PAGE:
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Page history last edited by Hannah Tindal 7 years, 6 months ago

placeholder where they will place the documentation for Rapid Physical Game Design and Programming For Play.


Programming To Play

Project 1


The goal of the game was to get multiple points and collect via the rocket ship. I tried to make multiple barriers around the points in order to make it harder but I added so many scripts and I made it so complicated. It was a great learning experience. I learned about prefabs and added points for players to collect. 




Project 2


Brock was my partner and I was super grateful considering I had never worked with Unity before before the small project before hand (project above). He was super helpful and super patient. We were able to combine his connecting feature with the card and connect it with my spinning obstacles from my rocket game to make it a bit harder for the player to collect. If you are hit by the obstacles the car starts over from the original starting point and you are back to zero.



Project 3

I worked with Julia Jones on this project. Our goal was to make something similar to pong but we wanted to make the ball disappear at random points to make it more of a challenge for the player. We were kind of successful however we weren't able to code the ball to disappear due to the timing. We had a lot of trouble coding the timer as well.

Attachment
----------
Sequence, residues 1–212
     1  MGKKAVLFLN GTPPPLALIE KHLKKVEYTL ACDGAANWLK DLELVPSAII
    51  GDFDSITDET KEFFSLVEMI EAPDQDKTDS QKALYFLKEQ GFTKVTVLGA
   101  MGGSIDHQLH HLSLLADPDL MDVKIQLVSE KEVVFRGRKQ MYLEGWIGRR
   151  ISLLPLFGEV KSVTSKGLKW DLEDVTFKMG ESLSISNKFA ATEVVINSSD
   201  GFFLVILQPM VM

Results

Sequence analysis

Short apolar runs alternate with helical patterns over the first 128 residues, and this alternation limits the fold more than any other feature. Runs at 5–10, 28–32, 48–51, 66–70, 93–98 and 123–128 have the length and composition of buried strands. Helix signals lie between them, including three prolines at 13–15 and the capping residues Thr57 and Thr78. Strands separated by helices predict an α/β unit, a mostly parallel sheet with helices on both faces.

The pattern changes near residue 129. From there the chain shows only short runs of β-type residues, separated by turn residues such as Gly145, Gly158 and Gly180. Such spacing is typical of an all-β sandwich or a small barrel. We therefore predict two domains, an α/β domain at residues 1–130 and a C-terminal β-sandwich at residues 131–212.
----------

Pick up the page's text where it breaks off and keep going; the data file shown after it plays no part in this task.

The end result is similar to pong, if you hit the other side then the opposing player gets a point. You have thirty seconds to get at least three points before the game resets itself. Similarly, if a player gets three points the game is over. 


Project 4:





We brainstormed for a bit before deciding we wanted to do something similar to the sandwich stacking game, an old disney channel game online but we wanted to change the ratio to make sure we were able to uphold to the requirements.


We decided to do a game in which a boy is catching stars from the night sky. The story behind the game was the boy needed to collect stars in order to have some light, if the comets get caught in the jar it would be too heavy and would break the jar. Thus, if you caught too many comets the game would be over. 





I worked with Keila and Quincie. This was the first time I was able to do some proper animation and drawing and I was super pumped. I had worked with Quincie prior so I already knew she was going to be fantastic but like Brock, Keila was so nice and patient when trying to explain the coding, bit bucket, and source tree. She was so helpful. 


Rapid Game Design 


Game one: Untitled








Prototype that we went with:
● Goal4:Dropthebeanbagstopinscorrespondingtocolor

(e.g red bean bag goes to red pin) within 5 minutes. ○ Twoplayers(bothcanmove)

■ Oneblindfolded(Seeker)
● Onlyplayerwhocandropthebeanbags ● Cannotseethepinsbeforebeing

● CannottouchTalker

■ Onewhocantalk(Talker)
● DirectstheSeekertopins ● CannottouchSeeker

○ Setting

  • Pinsaresetintheplayarea